Jesse B. Barber, Jr. Biography (1924-)
- African American
Jesse B. Barber, Jr. was the first African American to be certified by the American Board of Neurosurgery and became the third black American to practiceneurosurgery in the United States. Throughout his career, Barber has made significant contributions to his profession, his school, and his city, holding various positions of importance, including director of the Howard University Medical Stroke Project. He also served as the chief of Neurosurgery at Howardand became the university's first professor of social medicine .
Jesse Belmary Barber, Jr. was born on June 22, 1924 in Chattanooga, Tennesseeto the former Mae Fortune and Jesse, Sr., who was a Presbyterian minister and an educator. Although he admired his father deeply and aspired to be a preacher like him, Barber's excellent academic performance led him to begin taking pre-engineering courses. However, after being ranked first in a pre-medicalexamination, Barber moved toward medicine. After first attending Swift Memorial Junior College and then Hampton Institute and Yale University, Barber received his B.A. from Lincoln University. He was then accepted at the Howard University Medical College where he received his M.D. in 1948.
Barber's practicing career began at Freedman's Hospital where he was an intern and a resident general surgeon from 1948 to 1954. In 1956 he became an instructor of surgery and pathology at Howard, moving two years later to serve asa resident at the McGill University Montreal Neurological Institute. In 1961, however, Barber returned to Howard University to become chief of the division of neurosurgery as well as professor of surgery. He founded the university's Medical Stroke Project in 1968, and in 1983 he became Howard's first professor of social medicine, a field of study which he pioneered.
In addition to his professional contributions, Barber has been a leader as well as a member of many organizations. He was president of both the National Medical Association (1977-1978) and the Washington Academy of Neurosurgery (1973-1974). He also is a member of the National Advisory Committee of the Epilepsy Foundation of America, the Executive Committee for Strokes of the American Heart Association, Kappa Pi and Alpha Omega Alpha. Among the many honors and awards he has received are the Howard University Alumni Federation Award for Meritorious Professional and Community Service (1970), the William Alonzo Warfield Award (1974), the YMCA Century Award (1974), the Distinguished Service Award of the National Medical Association (1974), and the Distinguished Service Award of the Howard University Department of Surgery (1979).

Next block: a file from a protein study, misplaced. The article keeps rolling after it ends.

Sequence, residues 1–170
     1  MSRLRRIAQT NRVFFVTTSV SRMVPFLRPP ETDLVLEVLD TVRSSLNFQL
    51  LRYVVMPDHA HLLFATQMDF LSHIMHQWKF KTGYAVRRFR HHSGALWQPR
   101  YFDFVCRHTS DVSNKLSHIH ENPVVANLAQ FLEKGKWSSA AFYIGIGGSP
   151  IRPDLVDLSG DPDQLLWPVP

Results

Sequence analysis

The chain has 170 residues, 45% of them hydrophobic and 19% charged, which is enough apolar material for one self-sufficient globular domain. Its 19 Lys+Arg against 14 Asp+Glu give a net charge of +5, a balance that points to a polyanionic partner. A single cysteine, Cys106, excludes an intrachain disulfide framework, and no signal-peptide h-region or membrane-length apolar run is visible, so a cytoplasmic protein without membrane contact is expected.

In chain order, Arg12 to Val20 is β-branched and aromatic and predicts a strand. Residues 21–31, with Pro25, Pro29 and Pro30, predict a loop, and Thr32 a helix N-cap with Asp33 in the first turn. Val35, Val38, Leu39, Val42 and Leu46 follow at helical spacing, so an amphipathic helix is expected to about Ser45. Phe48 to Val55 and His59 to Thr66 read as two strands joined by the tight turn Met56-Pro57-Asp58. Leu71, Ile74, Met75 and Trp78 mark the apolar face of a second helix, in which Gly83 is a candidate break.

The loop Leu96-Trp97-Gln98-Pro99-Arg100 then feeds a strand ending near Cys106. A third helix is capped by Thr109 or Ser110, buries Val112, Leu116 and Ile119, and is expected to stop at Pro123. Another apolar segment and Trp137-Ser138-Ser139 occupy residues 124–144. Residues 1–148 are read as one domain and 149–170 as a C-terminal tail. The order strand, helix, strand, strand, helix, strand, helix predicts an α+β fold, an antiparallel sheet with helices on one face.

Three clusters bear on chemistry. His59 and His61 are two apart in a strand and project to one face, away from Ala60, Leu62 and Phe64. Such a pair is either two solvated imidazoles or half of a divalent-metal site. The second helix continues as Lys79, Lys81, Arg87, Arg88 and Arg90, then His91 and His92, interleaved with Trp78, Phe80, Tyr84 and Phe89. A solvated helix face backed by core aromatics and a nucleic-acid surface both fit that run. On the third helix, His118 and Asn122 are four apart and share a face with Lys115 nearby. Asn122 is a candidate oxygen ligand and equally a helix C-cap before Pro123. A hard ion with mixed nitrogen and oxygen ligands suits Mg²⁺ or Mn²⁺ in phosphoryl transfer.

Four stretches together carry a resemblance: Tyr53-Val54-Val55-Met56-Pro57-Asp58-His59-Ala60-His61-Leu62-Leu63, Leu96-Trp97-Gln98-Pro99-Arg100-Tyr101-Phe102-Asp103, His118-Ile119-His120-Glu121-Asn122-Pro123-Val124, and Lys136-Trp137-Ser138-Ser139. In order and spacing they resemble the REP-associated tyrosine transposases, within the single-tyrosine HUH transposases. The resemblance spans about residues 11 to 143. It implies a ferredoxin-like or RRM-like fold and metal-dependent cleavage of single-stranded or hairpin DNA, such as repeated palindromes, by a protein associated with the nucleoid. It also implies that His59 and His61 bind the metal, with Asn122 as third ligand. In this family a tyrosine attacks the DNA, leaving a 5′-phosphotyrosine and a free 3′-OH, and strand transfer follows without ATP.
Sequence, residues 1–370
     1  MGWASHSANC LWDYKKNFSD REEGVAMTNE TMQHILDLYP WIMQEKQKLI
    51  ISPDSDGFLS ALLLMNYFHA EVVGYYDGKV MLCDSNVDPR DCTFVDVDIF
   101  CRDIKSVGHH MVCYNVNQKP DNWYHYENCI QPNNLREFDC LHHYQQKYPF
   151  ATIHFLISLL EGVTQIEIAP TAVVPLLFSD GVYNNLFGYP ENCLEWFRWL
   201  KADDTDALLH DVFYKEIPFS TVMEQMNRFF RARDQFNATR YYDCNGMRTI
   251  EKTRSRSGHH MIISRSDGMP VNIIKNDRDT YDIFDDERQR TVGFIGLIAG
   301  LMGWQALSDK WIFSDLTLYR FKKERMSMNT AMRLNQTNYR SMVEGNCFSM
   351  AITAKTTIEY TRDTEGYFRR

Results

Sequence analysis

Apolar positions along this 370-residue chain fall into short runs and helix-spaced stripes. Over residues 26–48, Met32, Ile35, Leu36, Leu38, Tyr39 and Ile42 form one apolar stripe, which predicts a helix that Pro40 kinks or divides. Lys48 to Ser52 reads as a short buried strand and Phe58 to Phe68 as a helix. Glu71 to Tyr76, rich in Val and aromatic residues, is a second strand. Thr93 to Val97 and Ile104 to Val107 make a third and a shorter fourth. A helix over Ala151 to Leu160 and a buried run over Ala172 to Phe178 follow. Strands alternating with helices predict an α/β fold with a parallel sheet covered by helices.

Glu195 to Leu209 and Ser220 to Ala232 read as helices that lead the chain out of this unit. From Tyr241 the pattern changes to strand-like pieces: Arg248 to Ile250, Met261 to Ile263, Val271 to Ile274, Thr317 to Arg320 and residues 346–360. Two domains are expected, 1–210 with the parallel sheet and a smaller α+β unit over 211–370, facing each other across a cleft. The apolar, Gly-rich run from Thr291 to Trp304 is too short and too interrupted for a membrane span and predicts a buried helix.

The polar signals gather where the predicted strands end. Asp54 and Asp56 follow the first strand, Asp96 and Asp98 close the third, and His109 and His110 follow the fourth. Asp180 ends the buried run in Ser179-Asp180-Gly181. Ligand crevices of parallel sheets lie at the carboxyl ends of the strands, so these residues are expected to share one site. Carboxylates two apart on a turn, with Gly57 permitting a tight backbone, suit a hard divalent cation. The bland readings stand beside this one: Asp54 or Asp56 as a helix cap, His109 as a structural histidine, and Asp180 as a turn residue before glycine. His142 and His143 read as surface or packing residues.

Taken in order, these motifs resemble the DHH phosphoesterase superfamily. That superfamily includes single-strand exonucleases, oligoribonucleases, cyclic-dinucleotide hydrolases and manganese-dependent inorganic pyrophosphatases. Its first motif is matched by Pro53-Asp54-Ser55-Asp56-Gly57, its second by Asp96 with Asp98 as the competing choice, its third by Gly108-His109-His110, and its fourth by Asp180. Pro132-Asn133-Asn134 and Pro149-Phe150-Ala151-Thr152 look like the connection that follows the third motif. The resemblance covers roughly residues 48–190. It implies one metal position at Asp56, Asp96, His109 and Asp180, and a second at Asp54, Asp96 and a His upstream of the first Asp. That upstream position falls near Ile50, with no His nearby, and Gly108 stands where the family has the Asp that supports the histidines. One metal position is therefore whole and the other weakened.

Barber achieved notoriety in 1973 as the neurosurgeon chosen by Hamaas AbdulKhaalis, leader of the Hanafi sect of the Black Muslims, to operate on his wife who had been shot in the head several times during an attack by an opposing sect. Barber also made headlines with his surgical skills when he successfully attempted an extremely rare and difficult transposition of the spinal cord operating procedure in the early 1970s. He performed this operation on a teenager whose scoliosis or curvature of the spine was becoming so severe thatit was paralyzing him. Barber literally took the cord out of the spine, straightened it, and reinserted it, resulting in a marked improvement in the boy'sparalysis.
Barber attributes his "social medicine perspective," an ideal that has guidedhis actions throughout his medical career, to the values instilled in him byhis missionary parents. He is most proud of his education-oriented efforts,having guided scores of Howard University students toward the field of neurological study. In 1993, he was the facilitator of new exhibit at Howard University that focused on African American neurosurgeons.
Barber married the former Constance Bolling and has four children, Clifton, Jesse III, Charles, and Joye. Retired from active practice, Barber now lives in Washington, DC.